Their research indicates how one epistemological approach can effectively provide oversight and correction of the inherent biases of another. The simple act of scientists seeking local and Indigenous knowledge shows how S-E science is making progress toward using more inclusive research protocols and toward acknowledging biases in “objective” Western research methods, such as remote sensing.    

Indigenous Knowledge in Co-Creation with Western Science 

Though long ignored and subordinated to Western knowledge, S-E scientists now have many examples of successful integrations between Indigenous Knowledge (IK) and S-E research. The following have accelerated this progress:

  • The collectivization of Indigenous voices across tribes and regions (for example, collective Antarctic and Arctic Indigenous worldviews and values)
  • The elevation of Indigenous organizations to governance and oversight roles that influence law and policy
  • The alignment between regional conservation values shared across identities with time-honored Indigenous cultural norms that preserve pathways toward more sustainable modes of dwelling and valuing place (van Uitregt et al. 2022). 

For example, research by Schott et al. (2020) assesses the progress of S-E science moving away from Western science’s parasitic relationship with IK, which involved knowledge extraction and exploitation.  It also assesses S-E science’s progress toward empowering Indigenous peoples as co-creative partners in research and policymaking. The following principles guide their framework:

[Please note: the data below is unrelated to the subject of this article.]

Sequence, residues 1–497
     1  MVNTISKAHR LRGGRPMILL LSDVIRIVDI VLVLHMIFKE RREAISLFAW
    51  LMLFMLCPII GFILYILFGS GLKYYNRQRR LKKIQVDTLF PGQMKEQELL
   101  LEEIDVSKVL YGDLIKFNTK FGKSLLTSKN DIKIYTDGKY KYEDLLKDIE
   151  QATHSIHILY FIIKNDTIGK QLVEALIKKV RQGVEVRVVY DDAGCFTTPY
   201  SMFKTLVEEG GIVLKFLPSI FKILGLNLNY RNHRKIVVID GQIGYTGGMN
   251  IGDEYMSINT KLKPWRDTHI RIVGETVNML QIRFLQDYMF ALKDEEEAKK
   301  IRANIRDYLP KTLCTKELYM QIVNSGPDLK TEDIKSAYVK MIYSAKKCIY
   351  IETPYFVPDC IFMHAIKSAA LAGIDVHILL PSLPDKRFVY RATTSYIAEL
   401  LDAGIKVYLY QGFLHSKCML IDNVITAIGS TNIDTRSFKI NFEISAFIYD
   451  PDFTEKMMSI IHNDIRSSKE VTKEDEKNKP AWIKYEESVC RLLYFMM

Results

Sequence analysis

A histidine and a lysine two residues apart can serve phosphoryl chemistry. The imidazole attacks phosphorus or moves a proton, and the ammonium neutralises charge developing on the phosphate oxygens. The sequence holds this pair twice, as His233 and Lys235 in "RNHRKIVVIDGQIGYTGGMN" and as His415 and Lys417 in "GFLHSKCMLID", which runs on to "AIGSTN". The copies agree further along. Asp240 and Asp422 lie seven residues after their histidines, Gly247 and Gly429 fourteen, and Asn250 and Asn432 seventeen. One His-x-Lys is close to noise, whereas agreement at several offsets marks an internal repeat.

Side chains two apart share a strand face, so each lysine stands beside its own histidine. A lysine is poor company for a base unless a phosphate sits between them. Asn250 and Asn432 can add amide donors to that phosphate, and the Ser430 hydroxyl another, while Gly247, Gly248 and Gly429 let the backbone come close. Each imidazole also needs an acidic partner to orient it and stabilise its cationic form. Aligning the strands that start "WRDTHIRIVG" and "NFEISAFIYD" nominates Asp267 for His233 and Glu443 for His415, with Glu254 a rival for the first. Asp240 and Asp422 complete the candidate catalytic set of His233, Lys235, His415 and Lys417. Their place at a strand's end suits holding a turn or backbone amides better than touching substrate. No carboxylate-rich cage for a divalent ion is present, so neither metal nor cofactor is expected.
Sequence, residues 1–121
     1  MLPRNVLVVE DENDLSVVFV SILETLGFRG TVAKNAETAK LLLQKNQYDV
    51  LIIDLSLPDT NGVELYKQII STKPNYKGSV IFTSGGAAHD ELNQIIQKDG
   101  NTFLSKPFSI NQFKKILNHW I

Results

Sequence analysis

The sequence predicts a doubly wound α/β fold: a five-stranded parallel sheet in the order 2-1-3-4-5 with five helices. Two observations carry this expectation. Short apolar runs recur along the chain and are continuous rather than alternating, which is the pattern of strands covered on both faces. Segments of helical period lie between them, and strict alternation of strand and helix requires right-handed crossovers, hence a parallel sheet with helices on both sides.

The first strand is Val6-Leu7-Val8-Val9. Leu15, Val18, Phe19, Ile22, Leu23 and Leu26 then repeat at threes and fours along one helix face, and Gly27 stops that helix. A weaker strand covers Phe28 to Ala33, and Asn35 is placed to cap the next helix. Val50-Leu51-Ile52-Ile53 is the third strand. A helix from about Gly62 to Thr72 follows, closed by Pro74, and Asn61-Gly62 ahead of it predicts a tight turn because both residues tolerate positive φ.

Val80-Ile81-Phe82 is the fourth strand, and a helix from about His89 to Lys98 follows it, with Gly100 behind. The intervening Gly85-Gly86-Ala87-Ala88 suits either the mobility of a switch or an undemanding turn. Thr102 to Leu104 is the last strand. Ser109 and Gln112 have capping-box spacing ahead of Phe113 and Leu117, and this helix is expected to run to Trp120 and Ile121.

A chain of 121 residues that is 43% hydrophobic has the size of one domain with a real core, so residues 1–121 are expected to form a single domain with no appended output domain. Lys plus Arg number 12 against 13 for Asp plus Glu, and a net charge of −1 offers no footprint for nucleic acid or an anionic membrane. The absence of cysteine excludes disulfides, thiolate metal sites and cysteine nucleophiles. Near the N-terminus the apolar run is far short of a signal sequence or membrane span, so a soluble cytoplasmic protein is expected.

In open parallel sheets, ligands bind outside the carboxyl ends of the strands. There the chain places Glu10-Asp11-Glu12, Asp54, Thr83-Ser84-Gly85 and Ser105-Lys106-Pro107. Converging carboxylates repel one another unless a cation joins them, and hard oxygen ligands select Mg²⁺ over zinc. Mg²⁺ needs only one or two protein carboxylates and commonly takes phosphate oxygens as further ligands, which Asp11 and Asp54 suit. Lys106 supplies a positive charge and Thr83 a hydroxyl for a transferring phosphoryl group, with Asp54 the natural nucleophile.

• Valuing the mutual existence and non-dominance of either knowledge system
  • Finding common objectives between knowledge traditions
  • Building shared governance structures
  • Building capacity and resilience for local communities
  • Employing collective interpretation of data
  • Valuing beneficial outcomes for IK holders (212). 

In their paper, they detail a partnership between Inuit tribal members and Western scientists to conduct research into genomic trends and food security in fisheries in Nunavut, Canada. Their methods included focus groups that assessed the perspectives and attitudes of tribal elders versus youths on food security and participation in hunting traditions. They employed a local Inuit facilitator and youth researchers who were trained to collect and analyze data and then shared the results via extensive community outreach. A workshop conducted in situ at a local fishing weir introduced Western researchers to IK and traditional fisheries practices, while Indigenous elders and youth received training in GPS, mapping tools, and satellite technologies (223). Schott et al. underscored the importance of iterative learning, in which researchers can use project failures and miscues to redesign their approach in future rounds of research. They also emphasized the importance of reconnecting Indigenous youth with their cultural wealth while imparting technical skills that support data-driven policy guidance and that increase Indigenous capacity and self-determination.